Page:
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Google

(World-Wide Web)
The World-Wide Web search engine that indexes the greatest number of web pages - over two billion by December 2001 and provides a free service that searches this index in less than a second.

The site's name is apparently derived from "googol", but note the difference in spelling.

The "Google" spelling is also used in "The Hitchhikers Guide to the Galaxy" by Douglas Adams, in which one of Deep Thought's designers asks, "And are you not," said Fook, leaning anxiously foward, "a greater analyst than the Googleplex Star Thinker in the Seventh Galaxy of Light and Ingenuity which can calculate the trajectory of every single dust particle throughout a five-week Dangrabad Beta sand blizzard?"

http://google.com/.

Google

(Google, Mountain View, CA, www.google.com) The largest Web search engine and one of the most influential companies in the tech world. In addition to general Web searching, Google offers a variety of specialized search tools and a huge amount of Web and desktop software that includes office apps, multimedia and social networking (see Google applications). Each of the following Google products is used by more than a billion people: Android, YouTube, Chrome browser and Maps navigation.

In addition, Google is involved in advertising, publishing, software development, security, statistics, language translation and driverless cars.

Android is the leading mobile platform worldwide, and highly secretive Google Labs is exploring the future of high tech. In 2015, Google formed Alphabet, a holding company that includes Google and all of its projects and acquisitions. See Alphabet, Google X Lab and Android.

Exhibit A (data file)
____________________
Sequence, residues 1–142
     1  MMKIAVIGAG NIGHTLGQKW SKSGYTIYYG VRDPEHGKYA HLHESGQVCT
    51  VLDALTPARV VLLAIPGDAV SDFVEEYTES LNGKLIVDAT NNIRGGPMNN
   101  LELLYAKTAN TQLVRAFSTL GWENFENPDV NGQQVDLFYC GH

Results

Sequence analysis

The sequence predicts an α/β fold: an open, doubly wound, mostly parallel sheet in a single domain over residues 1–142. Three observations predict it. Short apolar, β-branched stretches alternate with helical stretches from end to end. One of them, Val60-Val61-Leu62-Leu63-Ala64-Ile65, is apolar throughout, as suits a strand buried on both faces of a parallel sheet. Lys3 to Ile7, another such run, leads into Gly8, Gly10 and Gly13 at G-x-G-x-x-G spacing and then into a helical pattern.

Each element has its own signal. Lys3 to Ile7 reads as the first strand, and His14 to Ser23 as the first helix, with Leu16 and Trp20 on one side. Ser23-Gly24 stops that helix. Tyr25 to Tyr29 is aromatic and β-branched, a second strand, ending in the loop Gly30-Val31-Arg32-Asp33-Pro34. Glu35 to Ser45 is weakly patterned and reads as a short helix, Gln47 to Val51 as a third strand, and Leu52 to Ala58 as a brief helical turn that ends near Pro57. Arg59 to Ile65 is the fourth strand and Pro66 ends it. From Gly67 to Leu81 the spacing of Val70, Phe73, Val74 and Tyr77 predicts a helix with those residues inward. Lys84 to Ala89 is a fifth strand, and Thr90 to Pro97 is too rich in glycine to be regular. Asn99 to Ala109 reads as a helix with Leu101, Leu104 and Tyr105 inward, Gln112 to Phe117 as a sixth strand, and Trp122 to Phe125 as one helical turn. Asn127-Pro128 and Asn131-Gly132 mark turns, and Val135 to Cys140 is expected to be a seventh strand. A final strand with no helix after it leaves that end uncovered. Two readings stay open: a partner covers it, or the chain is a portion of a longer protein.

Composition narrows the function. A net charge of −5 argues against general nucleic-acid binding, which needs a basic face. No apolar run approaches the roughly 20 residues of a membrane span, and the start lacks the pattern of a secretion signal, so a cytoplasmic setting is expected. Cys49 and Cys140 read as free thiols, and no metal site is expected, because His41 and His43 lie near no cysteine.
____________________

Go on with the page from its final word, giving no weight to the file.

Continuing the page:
It Started With BackRub Search
In 1996, Stanford University students Larry Page and Sergey Brin developed their "BackRub" search engine and unique page ranking (explained below). With investments from Sun founder Andy Bechtolsheim and others, Google was founded in September 1998, and BackRub was launched as the Google search engine in 1999.

The Google name came from "googol," a number so large no one can fathom it (1 plus 100 zeros). Chosen to represent the immensity of the Web and the huge ambitions of the company, the choice of name was exceedingly appropriate. See googol.

The Clean Screen
Google set itself apart from the other search sites with the first almost-empty home page. Instead of being laden with graphics that took forever to come in over analog modems, the Google page downloaded fast, and users sensed an immediate response before they started searching. With a single graphic, the home page is still ultra sparse (see Google Doodle).

However, behind it all lies an incredibly sophisticated infrastructure. The company streamlines its servers to provide the most search engine power for the least amount of energy. Using its own self-healing software, the Google indexes are mirrored around the globe, and servers can fail without disruption.

The Popularity Approach
Called "PageRank," Google introduced the concept of popularity to rank pages in the search results. The pages with the most links pointing to them from other sites ("backlinks") are placed higher in the list. The websites' popularity is analyzed going back several levels, which is why a site ranks higher if 25 popular sites link to it rather than 100 non-popular sites. Today, Google analyzes Web pages not just for popularity, but for myriad attributes (see Google algorithm).

Lots of Acquisitions
Starting with the Usenet discussion groups in 2001 and YouTube video in 2006, Google has acquired numerous companies that contributed value (see Usenet and YouTube). See Google bomb and Googleplex.
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